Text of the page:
4. Cheese grater.
5. Oven-proof baking dish.

Pasta In The Kitchen

The key to making perfect pasta is to start with the right pot. When cooking 1lb (500g) dried pasta, the pot should hold about 5 quarts (5 litres) of water to give the pasta plenty ot room to move around.
A pot made of an inexpensive, lightweight metal like aluminum is ideal, since it conducts heat evenly and is easy to lift when full ot boiling water. A stockpot will also make a good pasta pot, as it is usually taller than it is wide and has two sturdy handles for lifting.

1. Tall, narrow, lightweight pasta pot with a lid.
2. Long handled wooden spoon for stirring pasta. 
3. Large colander with feet. 
4. Large skillet for quick cook sauces. 
5. Heavy-based pot with a lid for slow cook sauces.

Ten Commandments For Pasta

Pasta is everyday food, yet any Italian knows that the cooking and serving of it calls for care and attention. Remember these ten golden rules for perfectly cooked pasta every time.
• Buy good quality Italian pasta. Use a large pot full of water.
• Salt the water with a generous hand.
• Boil the water and keep it boiling.
• Stir the pasta often - it will stick if you don't!
• Start timing when the water returns to the boil.
• Don't wander often! As they say in Italy, gllspaghetti amano la compagnla - spaghetti loves company.
• Drain immediately, but not too thoroughly.
• Have the sauce and a warmed bowl ready.
• Eat up! The only time people stop talking in Italy is when a bowl of pasta is placed on the table.

Notes From The Cooks

BEFORE YOU COOK read through the recipe carefully- Make sure you have all the equipment and ingredients required.
On Cooking Times
Always take cooking times as guideline rather than gospel. In each recipe, we qualify estimated cooking times with a description of how the ingredient should look at the end of cooking time, for instance "cook until soft, 5 minutes". It is better to cook the ingredient until its appearance matches the given description rather than simply setting the stopwatch.
Various factors affect cooking times, with your choice of pan and the character of your oven at the top of the list.
The size and shape of a pan directly affect how quickly a dish will cook. The same sauce cooked over the same heat will cook faster in a wide, shallow skillet and more slowly in a tall, deep pot. The larger cooking surface of a wide skillet ensures rapid evaporation, while the high sides of deep pots actually inhibit evaporation. In each recipe, we have specified the size and shape of pan required for a quick cooking or slow cooking sauce.
Ovens vary from kitchen to kitchen. Most have hot spots, so be prepared to rotate dishes from top to bottom or from front to back during cooking time. An oven thermometer is a useful kitchen tool, allowing you to match your oven's temperature with the one specified in the recipe. Always allow a margin of 5-10 minutes either way for baking times.
On Tasting
Always taste food as you cook and before you serve. Don't be afraid to add or change flavors to suit your palate - the fun of cooking is in experimenting, improvising, creating. Ingredients differ from day to day, season to season, and kitchen to kitchen. Be prepared to adjust sweetness, sharpness, spiciness, and, most important of all, salt, to your own taste.
On Salt and Pepper
Discerning seasoning makes the difference between good and great food. As a general rule, seasoning is best done toward the end of cooking. The optimum moment for a cook to judge how much salt and pepper a recipe requires is at the end of cooking lime, when the flavors have blended.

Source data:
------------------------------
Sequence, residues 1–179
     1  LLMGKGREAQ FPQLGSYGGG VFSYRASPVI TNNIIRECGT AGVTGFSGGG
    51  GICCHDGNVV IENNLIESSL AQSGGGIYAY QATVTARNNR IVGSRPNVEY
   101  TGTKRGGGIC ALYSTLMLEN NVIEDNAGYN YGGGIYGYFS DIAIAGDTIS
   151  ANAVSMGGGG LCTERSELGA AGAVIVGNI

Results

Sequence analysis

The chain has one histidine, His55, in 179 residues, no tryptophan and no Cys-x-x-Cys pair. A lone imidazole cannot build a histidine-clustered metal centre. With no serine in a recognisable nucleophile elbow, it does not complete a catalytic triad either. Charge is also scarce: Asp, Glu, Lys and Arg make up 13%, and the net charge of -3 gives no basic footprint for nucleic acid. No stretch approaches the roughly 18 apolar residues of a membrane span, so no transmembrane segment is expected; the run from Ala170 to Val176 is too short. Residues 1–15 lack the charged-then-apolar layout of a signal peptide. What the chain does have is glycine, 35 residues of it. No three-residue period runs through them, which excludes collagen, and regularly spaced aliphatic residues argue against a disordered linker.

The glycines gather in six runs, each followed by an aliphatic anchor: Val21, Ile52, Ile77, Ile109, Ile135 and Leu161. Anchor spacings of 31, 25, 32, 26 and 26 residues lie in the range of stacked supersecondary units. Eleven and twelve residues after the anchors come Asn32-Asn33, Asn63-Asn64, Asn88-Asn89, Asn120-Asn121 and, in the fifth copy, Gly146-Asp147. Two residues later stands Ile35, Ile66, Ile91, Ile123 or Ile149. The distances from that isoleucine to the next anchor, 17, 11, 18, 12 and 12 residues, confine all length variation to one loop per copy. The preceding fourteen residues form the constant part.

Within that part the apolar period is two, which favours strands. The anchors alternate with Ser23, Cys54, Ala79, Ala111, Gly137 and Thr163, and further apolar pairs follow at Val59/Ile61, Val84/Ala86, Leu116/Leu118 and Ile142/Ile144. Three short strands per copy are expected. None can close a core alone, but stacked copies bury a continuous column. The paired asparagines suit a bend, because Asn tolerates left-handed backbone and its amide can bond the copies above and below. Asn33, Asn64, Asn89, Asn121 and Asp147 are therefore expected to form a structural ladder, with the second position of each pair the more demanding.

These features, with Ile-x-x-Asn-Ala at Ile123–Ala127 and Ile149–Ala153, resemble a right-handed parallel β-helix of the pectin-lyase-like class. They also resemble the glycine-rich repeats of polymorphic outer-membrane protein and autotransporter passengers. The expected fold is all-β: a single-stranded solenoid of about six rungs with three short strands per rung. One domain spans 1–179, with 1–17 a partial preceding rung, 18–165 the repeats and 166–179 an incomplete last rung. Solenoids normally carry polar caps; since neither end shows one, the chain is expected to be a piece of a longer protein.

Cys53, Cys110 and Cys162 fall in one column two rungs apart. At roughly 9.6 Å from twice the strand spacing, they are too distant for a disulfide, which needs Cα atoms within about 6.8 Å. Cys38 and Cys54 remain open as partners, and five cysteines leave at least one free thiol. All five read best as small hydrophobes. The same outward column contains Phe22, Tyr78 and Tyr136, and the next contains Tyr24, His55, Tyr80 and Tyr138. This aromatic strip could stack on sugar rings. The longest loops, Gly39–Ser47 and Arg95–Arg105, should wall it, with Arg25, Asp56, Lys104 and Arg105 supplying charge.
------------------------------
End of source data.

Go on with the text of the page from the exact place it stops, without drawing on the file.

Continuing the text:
On Measuring
Accurate measurements are essential if you want the same good results each time you follow a recipe. We have given measurements in imperial and metric in all the recipes. Always stick to one set of measurements. Never use both in the same recipe.
A good set of measuring cups is the most accurate way to measure dry ingredients.
We recommend using cooks' measuring spoons when following a recipe. All spoon measurements in the book are level unless otherwise stated. To measure dry ingredients with a spoon, scoop the ingredient lightly from the storage container, (hen level the surface with the edge of a straight-bladed knife.
We use standard level spoon measurements: 1 tbsp - 1/2floz (15ml) 1 tsp - 1/2 floz (5ml)
To measure liquids, choose a transparent glass or plastic measuring cup. Always place the cup on a flat surface and check for accuracy at eye level when pouring in a liquid to measure.
A final and important rule of measuring - never measure ingredients over the mixing bowl!

Wednesday, February 16, 2011

The Pasta

The Italians, who are masters at combining sophistication with simplicity, have eaten pasta for the past millennium or so. They know that no other food can nourish and delight so easily, while asking for so small an effort on the part of the cook. Simple yet sustaining, a dish of pasta satisfies our hunger yet invites the eye and pleases the palate with its countless shapes, colors, and flavors. It is the most versatile of foods, changing its character with ease, according to season, occasion, cook's mood, or time available.
We concentrate mainly on dried pasta, which is the pasta that the Italians eat religiously and lovingly every day of every week. It is the pasta they always have on hand, and it is the pasta that pairs most successfully with the greatest number of different sauces.
Some of the sauces I have chosen are classic, others are modern, and many are variations on a traditional theme. There are slow-simmered sauces that can be prepared totally ahead of time, as well as many quick-fix sauces that can be made just before eating, so a whole meal can be put together in half an hour or less. Put together, yes, but always with love, care, and attention. When the family is nearly ready to eat, the pasta is slid into a pan full of boiling water and the cook shouts Ho inej.wglii la pasta - I've put the pasta in. A few minutes later everyone sits down in silence and the cook brings in the bowl of steaming pasta and sets it in the middle of the table for people to serve themselves. Pasta is a convivial, sharing food; to our mind, it is best not formally plated.
I leave the last word to the actor Alberto Sordi in the wonderful movie A Taxi Driver in America -
Dove c epasta, c'e dperanza Where there's pasta, there's hope.